French anti-terror police arrested 14 people, including a Muslim prayer leader, and seized guns in raids Tuesday of suspected Islamic militants in the Paris region, police said.
Police said the suspects were thought to have been involved in forging official papers. Blank documents and plastic laminating materials were found in the sweep.
Those taken into custody included at least one prayer leader, or imam, and some of his followers, police said.
Pistols also were seized in a detainee’s home, police said. Under French anti-terror laws, the suspects can be questioned for 96 hours without charge.
In Spain, authorities also announced progress with anti-terror probes.
Judge Baltasar Garzon said he has completed his investigation of an alleged al-Qaida cell accused of helping plan the Sept. 11 attacks in the United States. He did not disclose his findings, but completing the probe could possibly set the stage for a trial.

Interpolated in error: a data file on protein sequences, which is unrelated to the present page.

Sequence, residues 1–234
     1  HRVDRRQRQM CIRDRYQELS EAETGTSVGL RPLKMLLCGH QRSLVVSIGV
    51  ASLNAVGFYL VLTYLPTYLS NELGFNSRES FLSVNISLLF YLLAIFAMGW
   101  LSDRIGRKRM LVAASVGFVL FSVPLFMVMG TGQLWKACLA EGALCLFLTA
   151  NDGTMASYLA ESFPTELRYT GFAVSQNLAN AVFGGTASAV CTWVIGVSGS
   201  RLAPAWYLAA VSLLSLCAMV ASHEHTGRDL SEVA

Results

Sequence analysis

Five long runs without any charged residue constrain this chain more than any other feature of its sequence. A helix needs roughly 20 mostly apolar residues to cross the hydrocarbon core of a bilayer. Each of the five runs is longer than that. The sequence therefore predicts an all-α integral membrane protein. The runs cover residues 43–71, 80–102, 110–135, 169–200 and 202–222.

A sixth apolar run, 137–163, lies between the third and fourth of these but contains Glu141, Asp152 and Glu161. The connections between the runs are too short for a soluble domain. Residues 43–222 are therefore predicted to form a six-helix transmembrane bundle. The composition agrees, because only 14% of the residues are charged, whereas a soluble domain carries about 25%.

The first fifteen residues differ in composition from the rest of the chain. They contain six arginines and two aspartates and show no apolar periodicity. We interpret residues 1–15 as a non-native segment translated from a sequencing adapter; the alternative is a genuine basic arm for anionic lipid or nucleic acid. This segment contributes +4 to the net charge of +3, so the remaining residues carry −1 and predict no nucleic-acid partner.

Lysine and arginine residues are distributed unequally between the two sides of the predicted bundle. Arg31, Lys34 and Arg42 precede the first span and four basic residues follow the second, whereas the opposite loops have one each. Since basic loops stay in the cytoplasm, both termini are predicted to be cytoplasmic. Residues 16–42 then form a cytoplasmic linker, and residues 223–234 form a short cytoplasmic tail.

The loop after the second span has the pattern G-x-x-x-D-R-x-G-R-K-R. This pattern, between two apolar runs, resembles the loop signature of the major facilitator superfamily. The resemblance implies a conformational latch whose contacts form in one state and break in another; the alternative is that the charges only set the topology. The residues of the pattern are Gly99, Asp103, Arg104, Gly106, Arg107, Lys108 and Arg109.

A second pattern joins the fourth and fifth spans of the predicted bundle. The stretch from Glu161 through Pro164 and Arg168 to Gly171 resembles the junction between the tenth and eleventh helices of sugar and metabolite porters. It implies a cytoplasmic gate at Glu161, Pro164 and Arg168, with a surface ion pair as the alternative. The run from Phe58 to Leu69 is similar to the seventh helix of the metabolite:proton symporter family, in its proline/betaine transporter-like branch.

Garzon has indicted 40 people on terrorism charges, including 10 he accused specifically of helping plan the Sept. 11 attacks.
Meanwhile, one of his colleagues investigating train bombings in Madrid that killed 190 people leveled terrorism charges against three people accused of helping supply dynamite used in the attack, officials said.
A total of 23 people, mostly Moroccans, have now been charged in the March 11 bombings blamed on Islamic militants with possible links to the al-Qaida terror network.
The three Spaniards charged Tuesday with collaborating with a terrorist organization were released but ordered to register their addresses with court officials. Judge Juan del Olmo also barred one of the suspects from traveling outside Spain without his permission.
European authorities have worked together in tracking down those involved in the bombings.
In a coordinated strike across Europe, police last week arrested 17 suspected Islamic militants, including a suspected mastermind of the Madrid attacks and alleged members of a suspected cell in Belgium thought to be taking orders from him and planning an attack.
Fifteen people, mostly Palestinian, Jordanian, Moroccan and Egyptian, were arrested in raids on about 10 locations in Brussels and Antwerp in Belgium.
Italian police also picked up two suspects. They included Osman Ahmed, a 33-year-old Egyptian described as the ringleader who allegedly helped plan the Madrid attacks.